Sweet Thames, run softly till I end my song - Dave Beech

Nature is shrinking, but the signs of nature and the natural are multiplying, replacing and supplanting real "nature" Henri Levebvre The transition from agriculture to industry, from rural living to urbanization, brings a chronic shrinkage of nature, and, at the same time, a proliferation of images of nature. Advertising sells cars, deodorant, detergents, air travel and financial services by associating products with spectacular mountainscapes, natural springs, animated swarms of petals, montages of sea, dessert, sky and forest, and lush green fields. The TV schedule is peppered with documentaries of everything from[...]

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Lynn Dennison, Sweet Thames, run softly till I end my song, Sculpture Shock Subterranean May 2015, The Brunel Shaft. Image: AK Purkiss

Lynn Dennison Interviewed - Part 2

ZK: In your Finalist Slam talk in January you stated that your work is particularly informed by Michel Foucault’s theory of Heterotopias as discussed in his 1967 lecture Of Other Spaces (Des espaces autres). Focusing on sites which “have the curious property of being in relation with all other sites, but in such a way as to suspect, neutralize or invert the set of relations that they happen to designate, mirror, or reflect” in Of Other Spaces Foucault describes a heterotopia as ‘a sort of simultaneously mythic and real contestation of the space in which we[...]

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Lynn Dennison in the Sculpture Shock Studio. Image AK Purkiss

Sculpture Shock SUBTERRANEAN does Museums at Night

As part of the nationwide festival ‘Museums at Night’ Lynn Dennison has been collaborating with experimental composer and RCM postgraduate student Leo Loebenberg. In response to Dennison’s Subterranean intervention Loebenberg has created an innovative composition which will see the acoustic and visual arts combine. Loebenberg's piece will be performed by him exclusively on Saturday 16 May 2015 as we invite the public to descend 50ft below ground for a late night viewing of Dennison’s pop-up.  Leo Loebenberg is a classical contemporary composer drawn to experimental music, influenced by rock and Brazilian rhythms. As a[...]

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Lynn Dennison Interviewed - Part 1

ZK: What made you decide to become a sculptor? When did your interest in the site specific develop and how/where did this happen?   LD: Well I actually started my career as a painter after having completed a Fine Art BA at the Slade School of Art. After about eight or nine years working as a painter I started to introduce three-dimensional shapes into my work. Gradually these three-dimensional pieces took over from the two-dimensional pieces, and in the end the paintings became studies for the sculptures, and sculpture became my main focus. My interest in the site[...]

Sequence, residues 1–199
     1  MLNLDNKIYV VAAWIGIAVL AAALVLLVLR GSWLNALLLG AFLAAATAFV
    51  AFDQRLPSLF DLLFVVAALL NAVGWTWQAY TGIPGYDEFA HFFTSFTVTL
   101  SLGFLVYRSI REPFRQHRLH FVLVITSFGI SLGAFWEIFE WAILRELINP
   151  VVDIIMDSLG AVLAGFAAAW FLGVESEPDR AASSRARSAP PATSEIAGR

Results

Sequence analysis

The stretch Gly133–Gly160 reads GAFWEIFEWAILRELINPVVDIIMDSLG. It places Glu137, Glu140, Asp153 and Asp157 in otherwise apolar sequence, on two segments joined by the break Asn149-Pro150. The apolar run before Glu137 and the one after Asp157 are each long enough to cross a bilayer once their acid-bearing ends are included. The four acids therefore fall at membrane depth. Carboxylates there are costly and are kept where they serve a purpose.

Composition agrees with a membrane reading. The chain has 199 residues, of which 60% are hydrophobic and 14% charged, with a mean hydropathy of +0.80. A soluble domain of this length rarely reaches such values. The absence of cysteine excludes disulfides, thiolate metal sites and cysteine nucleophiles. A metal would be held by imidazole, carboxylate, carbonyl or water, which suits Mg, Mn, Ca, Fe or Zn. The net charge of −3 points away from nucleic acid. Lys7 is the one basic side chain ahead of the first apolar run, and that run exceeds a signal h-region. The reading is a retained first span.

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Lynn Dennison and Zana Kingwill in the Sculpture Shock Studio. Image: A K Purkiss

Notes from the Studio

Its Monday morning and its freezing cold outside. There are not yet many working souls to be discerned at Blechynden Street Studios. As I enter the building I encounter an unusual noise. The sea? Can it really be? It brings me back to the Baltic Sea in Sweden and a memorable stormy day by a rocky shore. The sound gets louder and louder and I go into the storm. As I enter without warning (she couldn’t possibly have heard my knocks) Lynn turns the volume down, and everything becomes calm. Lynn is tranquil and the room feels harmonic[...]

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Lynn Dennison in the Sculpture Shock Studio. Image: Lynn Dennison

Reflections on What Makes a Winner - Dave Beech

Writer, curator, artist, and Sculpture Shock jury member Dave Beech reflects on the 2015 winners and their work: Lynn Dennison Lynn Dennison is an artist who works sensitively with site, often using video projection poetically  - that is to say, associatively, suggestively and openly – to charge the space with a ghostly presence that attaches the viewer affectively to the site. Her digital hauntings are either constructed or displaced scenes that invite viewers to reimagine themselves elsewhere or elsewhen, either here but not now or now but not here. In this way she unlocks historical or fictional homologies[...]

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The Sculpture Shock 2015 Winners with part of the Sculpture Shock 2015 Jury. Claire Mander, Richard Wilson RA, Nina Wisnia, Terry New PRBS, Lynn Dennison, William Mackrell, Hanna Haaslahti, Dave Beech (left to right). Image: AK Purkiss

Historic 2015 - Venue Announced!

The Sculpture Shock 2015 Historic pop-up will take pace at the Ionic Temple in the Gardens of Chiswick House! The restored 18th century gardens at Chiswick House were originally created by Lord Burlington and William Kent in 1729, to accompany his neo-Palladian villa. Inspired by the sights of the Grand Tour, the sculptural treatises of Serlio and Palladio and the romance of classical Italian landscape painting, the gardens were conceived as a single, living artwork and open air theatre. Chiswick was the birthplace of the English Landscape Movement where Burlington and Kent replaced the formality of the existing Renaissance garden with[...]

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Ionic Temple Amphitheatre and Obelisk Chiswick House Gardens. Image: Clive Boursnell

Catch the 2015 Slam Talks Again Online

If you missed the Sculpture Shock 2015 Slam Talks on Wednesday 14 January click here to dowload the Slam and hear the nine finalists present their work and the unique appeal of the site specific in a dynamic series of 7 minute back to back talks.

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